5. Osman MEH, El-Feky SS, Elshahawy MI, Shaker EM. Efficiency of flax (Linum usitatissimum L.) as a phytoremediator plant for the contaminated soils with heavy metals. Int J Agric Environ Res. 2017;3:3577-3600. [Link]
6. Bettaieb T, Arbaoui S. Heavy metal accumulation in micropropagated plants of kenaf (Hibiscus cannabinus L.). Int J Adv Sci Eng Technol. 2018;6:32-33. [Link]
7. Kumar PBAN, DushenkovV, Motto H, Raskin I. Phytoextraction: the use of plants to remove heavy metals from soils. Environ Sci Technol. 2013;29:1232-8. [Link] [DOI:10.1021/es00005a014]
8. Olguín EJ, Sánchez-Galván G. Heavy metal removal in Phytofi ltration and phycoremediation: the need to differentiate between bioadsorption and bioaccumulation. New Biotechnol. 2012;30(1):3-8. [Link] [DOI:10.1016/j.nbt.2012.05.020]
9. Arbaoui S, Campanella B, Rezgui S, Paul R, Bettaieb T. Bioaccumulation and photosynthetic activity response of kenaf (Hibicus cannabinus L.) to cadmium and zinc. Greener J Agri Sci. 2014;4(3):91-100. [Link] [DOI:10.15580/GJAS.2014.3.1216131031]
10. Shehata MSH, Badawy KR, Aboulsoud IEY. Phytoremediation of some heavy metals in contaminated soil. Bull Nation Res Centre. 2019;43:189. [Link] [DOI:10.1186/s42269-019-0214-7]
11. Adams A, Raman A, Hodgkins D. How do the plants used in phytoremediation in constructed wetlands, a sustainable remediation strategy, perform in heavy-metal contaminated mine sites. Water Environ J. 2013;27(3):373-86. [Link] [DOI:10.1111/j.1747-6593.2012.00357.x]
12. Heshmati M, Gheitury M, Parvizi Y, Hosseini M. Effect of converting forest to rainfed lands on spatial variability of soil chemical properties in the Zagros Forest, Western Iran. ECOPERSIA. 2015;3(4):1161-74. [Link]
13. Hojjati SM, Tavakoli M, Kooch Y, Tafazoli M. Soil contamination pattern affected by coal mining activities in a deciduous temperate forest. ECOPERSIA. 2021;9(1):23-31. [Link]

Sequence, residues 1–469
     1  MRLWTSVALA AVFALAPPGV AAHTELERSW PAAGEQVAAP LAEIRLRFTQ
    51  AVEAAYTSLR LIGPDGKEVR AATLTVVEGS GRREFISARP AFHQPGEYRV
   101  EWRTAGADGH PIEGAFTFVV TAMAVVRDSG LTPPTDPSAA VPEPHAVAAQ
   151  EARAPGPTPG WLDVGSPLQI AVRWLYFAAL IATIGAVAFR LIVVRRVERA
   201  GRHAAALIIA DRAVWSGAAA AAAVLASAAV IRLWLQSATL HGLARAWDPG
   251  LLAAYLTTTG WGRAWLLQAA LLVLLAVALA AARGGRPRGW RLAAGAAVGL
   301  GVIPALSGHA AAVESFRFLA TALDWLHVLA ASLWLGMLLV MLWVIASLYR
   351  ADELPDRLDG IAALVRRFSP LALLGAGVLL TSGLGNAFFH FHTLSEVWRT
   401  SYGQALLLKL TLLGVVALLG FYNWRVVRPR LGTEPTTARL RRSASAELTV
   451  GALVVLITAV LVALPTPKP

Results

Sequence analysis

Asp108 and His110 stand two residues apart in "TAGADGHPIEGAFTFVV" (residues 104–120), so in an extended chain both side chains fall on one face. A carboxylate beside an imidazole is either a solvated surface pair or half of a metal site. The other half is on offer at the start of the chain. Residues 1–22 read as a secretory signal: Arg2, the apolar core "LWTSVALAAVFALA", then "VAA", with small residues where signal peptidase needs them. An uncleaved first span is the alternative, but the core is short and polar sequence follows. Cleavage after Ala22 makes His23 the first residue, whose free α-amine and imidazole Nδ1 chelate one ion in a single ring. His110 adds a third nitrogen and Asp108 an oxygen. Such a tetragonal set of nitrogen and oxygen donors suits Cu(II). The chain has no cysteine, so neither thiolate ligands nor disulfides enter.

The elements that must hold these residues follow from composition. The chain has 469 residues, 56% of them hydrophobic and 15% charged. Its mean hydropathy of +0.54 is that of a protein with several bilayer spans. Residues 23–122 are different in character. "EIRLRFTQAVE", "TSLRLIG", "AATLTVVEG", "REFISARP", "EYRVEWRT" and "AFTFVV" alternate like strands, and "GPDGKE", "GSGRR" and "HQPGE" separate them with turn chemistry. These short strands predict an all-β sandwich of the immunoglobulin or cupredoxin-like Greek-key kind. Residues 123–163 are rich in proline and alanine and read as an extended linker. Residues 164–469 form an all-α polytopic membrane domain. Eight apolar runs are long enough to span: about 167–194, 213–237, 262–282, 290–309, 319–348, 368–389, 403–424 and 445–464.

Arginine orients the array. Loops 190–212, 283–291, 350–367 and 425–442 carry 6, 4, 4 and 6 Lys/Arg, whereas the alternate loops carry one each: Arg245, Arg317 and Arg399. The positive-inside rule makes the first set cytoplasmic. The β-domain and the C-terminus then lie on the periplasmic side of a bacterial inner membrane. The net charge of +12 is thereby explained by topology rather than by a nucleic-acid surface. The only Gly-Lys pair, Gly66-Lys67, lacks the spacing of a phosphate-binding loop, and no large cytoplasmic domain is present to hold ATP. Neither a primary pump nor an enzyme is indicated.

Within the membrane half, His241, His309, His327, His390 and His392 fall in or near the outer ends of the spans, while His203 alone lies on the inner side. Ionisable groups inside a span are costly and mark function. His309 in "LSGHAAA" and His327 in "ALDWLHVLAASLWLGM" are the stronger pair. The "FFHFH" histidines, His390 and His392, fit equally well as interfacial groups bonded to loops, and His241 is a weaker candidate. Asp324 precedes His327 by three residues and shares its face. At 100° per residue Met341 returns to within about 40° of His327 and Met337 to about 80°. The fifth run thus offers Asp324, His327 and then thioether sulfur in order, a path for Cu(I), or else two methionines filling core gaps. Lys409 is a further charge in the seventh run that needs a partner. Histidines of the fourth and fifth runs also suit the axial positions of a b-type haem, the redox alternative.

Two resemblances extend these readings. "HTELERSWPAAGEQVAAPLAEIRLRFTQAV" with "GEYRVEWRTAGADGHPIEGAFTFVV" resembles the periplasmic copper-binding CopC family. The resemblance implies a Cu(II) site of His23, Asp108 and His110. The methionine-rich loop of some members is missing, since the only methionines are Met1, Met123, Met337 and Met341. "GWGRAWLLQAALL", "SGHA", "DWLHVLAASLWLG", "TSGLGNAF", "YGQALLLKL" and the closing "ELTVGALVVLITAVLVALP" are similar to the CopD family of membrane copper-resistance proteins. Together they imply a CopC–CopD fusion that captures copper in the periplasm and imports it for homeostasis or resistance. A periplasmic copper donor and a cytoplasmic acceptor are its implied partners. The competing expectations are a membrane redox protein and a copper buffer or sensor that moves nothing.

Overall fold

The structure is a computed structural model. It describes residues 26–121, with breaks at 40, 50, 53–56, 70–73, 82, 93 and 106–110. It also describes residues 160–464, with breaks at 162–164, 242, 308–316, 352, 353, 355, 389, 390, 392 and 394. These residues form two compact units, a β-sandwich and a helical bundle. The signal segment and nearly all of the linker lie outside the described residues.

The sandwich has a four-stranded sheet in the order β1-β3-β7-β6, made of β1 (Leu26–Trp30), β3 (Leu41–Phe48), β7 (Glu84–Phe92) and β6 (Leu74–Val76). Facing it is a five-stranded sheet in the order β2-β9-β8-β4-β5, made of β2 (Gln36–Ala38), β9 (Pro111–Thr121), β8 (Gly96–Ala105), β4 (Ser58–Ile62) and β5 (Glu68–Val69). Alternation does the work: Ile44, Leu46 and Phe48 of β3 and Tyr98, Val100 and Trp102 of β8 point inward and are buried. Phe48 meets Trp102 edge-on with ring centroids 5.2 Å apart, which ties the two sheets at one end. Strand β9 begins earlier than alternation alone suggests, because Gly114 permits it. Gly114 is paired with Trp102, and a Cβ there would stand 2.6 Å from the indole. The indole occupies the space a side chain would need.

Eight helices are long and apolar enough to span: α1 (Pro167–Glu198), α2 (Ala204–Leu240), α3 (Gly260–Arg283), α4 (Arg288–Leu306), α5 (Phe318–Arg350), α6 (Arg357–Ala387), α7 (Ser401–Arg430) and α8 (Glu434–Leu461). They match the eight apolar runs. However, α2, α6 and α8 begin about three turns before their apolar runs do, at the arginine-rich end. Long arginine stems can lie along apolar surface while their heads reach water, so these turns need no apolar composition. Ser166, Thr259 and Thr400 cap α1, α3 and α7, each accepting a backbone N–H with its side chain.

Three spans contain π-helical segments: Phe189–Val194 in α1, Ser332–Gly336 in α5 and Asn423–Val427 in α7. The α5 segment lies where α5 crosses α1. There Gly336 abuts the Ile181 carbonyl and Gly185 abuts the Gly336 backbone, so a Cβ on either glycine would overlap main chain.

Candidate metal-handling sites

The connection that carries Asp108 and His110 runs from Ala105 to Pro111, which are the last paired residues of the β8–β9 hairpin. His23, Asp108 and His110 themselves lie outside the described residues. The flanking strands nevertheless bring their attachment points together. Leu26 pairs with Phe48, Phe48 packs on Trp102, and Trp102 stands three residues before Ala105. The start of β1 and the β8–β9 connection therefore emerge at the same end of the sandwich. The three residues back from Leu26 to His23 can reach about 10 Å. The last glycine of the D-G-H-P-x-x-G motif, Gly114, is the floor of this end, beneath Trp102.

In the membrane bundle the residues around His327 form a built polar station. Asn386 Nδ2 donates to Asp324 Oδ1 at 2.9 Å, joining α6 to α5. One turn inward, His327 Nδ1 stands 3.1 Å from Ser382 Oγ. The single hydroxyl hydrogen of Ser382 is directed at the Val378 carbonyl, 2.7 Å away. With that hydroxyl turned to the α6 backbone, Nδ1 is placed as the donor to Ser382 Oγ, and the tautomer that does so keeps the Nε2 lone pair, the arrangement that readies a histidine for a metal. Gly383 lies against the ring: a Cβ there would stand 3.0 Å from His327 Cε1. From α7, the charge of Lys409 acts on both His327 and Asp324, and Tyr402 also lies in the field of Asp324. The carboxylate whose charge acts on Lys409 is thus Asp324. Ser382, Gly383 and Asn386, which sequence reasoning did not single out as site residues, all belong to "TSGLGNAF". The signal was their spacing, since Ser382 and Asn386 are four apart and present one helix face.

14. Zhang Y, Wu D, Wang C, Wu G. Impact of coal power generation on the characteristics and risk of heavy metal pollution in nearby soil. Ecosyst Health Sustainabil. 2020;6(1):1-12. [Link] [DOI:10.1080/20964129.2020.1787092]
15. Sahihi Oskouie T, Jafari M, Javadi SA, Tahmoures M. Investigation of phytoremediation ability of rangeland species in soils contaminated with copper and manganese. Iran Soil Water Res. 2020;51(6):1593-604. [Link]
16. Jahantab E, Jafari M, Motesharezadeh B, Tavili A, Zargham N. Remediation of Petroleum-Contaminated Soils using Stipagrostis plumosa, Calotropis procera L., and Medicago sativa under Different Organic Amendment Treatments. ECOPERSIA. 2018;6(2):101-9. [Link]
17. Wang SL, Liao WB, Yu FQ, Liao B, Shu WS. Hyperaccumulation of lead, zinc, and cadmium in plants growing on a lead/ zinc outcrop in Yunnan Province, China. Environ Geol. 2019;58:471. [Link] [DOI:10.1007/s00254-008-1519-2]
18. Aman MS, Jafari M, Karimour Reihan M, Motesharezade B. Assessing some shrub species for phytoremediation of soils contaminated with lead and zinc. Environ Earth Sci. 2018;77:82. [Link] [DOI:10.1007/s12665-018-7256-2]
19. Tavili A, Jahantab E, Jafari M, Motesharezade B, Zarghan N, Saffari Amman M. Assessment of TPH and nickel contents associated with tolerant native plants in petroleum-polluted area of Gachsaran, Iran. Arab J Geosci. 2019;12:325. [Link] [DOI:10.1007/s12517-019-4478-x]
20. Prasad M, Freitas H. Metal hyperaccumulation in plants- Boidiversity prospecting for phytoremediation technology. Electron J Biotechnol. 2003; 6:285-321. [Link] [DOI:10.2225/vol6-issue3-fulltext-6]
21. Bempah CK, Ewusi A, Obiri-Yeboah S, Asabere SB, Mensah F, Boateng J, Voigt HJ. Distribution of arsenic and heavy metals from mine tailings dams at Obuasi municipality of Ghana. Am J Eng Res. 2013;2:61-70. [Link]

Add your comments about this article : Your username or Email:
CAPTCHA

Send email to the article author